Skip to main content


Psychopharmacoendocrinology and Depression Research



1.1 Outline of the Study In this study the influence of psychotropic drugs on anterior pituitary hormone (APR) secretion was investigated in healthy subjects and in depressed patients. The basis for this study is formed by pharmacological investigations which indicate that the therapeutic effect of psychotropic drugs can be attributed to their functional influence on central nervous aminergic impulse transmission (stimuli) as well as by endocrinological investigations which show that central nervous aminergic neurons influence APR secretion in man. The purpose was to frod out if psychotropic drugs with differing pharmacological actions also influence APR secretion differently, even though the complex processes of central nervous stimuli transmission, the effect of psychotropic drugs on these processes, as well as the action of aminergic neuronal systems on APR secretion are not completely understood. Furthermore, it was investigated if it is possible to reach conclusions on the effects of drugs on central nervous aminergic neurons based upon APR secretion data. Specifically, the effects of various antidepressants, neuroleptics, and benzodiazepine-type tranquilizers on the secretion of growth hormone (GR), prolactin (PRL), adrenocorticotropic hormone (ACTR), and cortisol were investigated in healthy male subjects. The first part of this study presents in detail the results of these experiments and also incorporates the results of other investigators. It is endeavored to answer the question whether and to what extent the different psychotropic drugs influence APR secretion and whether the APR secretion profiles of the different psychotropic drugs can serve as a possible pharmacoendocrinological model in humans.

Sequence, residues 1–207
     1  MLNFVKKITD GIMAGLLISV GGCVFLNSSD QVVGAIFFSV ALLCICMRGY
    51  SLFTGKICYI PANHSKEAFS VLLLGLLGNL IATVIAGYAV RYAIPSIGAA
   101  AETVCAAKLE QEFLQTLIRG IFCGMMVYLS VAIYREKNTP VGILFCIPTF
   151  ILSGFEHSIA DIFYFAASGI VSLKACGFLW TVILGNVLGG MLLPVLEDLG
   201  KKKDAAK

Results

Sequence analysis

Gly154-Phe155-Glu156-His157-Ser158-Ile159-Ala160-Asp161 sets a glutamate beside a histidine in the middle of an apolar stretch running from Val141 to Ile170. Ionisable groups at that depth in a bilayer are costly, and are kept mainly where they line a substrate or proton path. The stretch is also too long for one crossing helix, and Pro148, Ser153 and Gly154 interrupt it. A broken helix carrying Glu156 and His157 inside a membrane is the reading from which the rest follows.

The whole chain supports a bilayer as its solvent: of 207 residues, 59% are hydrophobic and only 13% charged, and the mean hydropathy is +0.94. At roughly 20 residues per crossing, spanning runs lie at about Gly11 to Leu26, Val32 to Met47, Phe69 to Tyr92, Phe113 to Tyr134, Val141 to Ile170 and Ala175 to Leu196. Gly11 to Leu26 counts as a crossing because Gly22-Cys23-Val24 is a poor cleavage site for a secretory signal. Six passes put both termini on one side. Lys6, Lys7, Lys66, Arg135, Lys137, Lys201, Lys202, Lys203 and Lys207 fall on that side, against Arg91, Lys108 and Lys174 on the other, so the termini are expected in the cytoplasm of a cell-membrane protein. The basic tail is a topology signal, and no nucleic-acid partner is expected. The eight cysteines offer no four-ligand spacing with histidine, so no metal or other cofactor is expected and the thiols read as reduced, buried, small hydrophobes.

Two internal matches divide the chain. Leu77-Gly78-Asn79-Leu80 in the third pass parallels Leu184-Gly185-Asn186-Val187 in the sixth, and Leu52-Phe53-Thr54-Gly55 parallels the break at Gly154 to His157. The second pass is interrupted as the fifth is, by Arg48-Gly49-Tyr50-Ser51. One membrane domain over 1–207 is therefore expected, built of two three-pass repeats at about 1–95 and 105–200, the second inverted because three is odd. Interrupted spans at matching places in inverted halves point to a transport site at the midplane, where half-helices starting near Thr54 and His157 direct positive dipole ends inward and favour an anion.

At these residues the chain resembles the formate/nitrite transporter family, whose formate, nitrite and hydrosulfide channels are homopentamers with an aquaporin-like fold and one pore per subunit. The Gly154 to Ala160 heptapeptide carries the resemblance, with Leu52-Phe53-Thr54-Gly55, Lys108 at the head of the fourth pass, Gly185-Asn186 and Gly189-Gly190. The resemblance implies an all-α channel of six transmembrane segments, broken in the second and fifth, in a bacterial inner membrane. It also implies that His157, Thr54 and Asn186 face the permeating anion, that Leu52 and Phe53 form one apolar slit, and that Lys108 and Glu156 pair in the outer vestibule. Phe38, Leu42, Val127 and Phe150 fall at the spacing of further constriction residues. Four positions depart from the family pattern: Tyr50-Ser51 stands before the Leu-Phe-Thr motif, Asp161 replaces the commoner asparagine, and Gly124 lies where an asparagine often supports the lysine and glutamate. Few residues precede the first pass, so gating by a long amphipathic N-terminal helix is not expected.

Author: Laakmann, Gregor

Topic: Medical / Nursing
Media: Book
ISBN: 3540520759
Language: English
Pages: 219

Additional information

Weight 0.73 lbs
Dimensions 9.21 × 6.14 × 0.49 in


There are no reviews yet.

Be the first to review “Psychopharmacoendocrinology and Depression Research”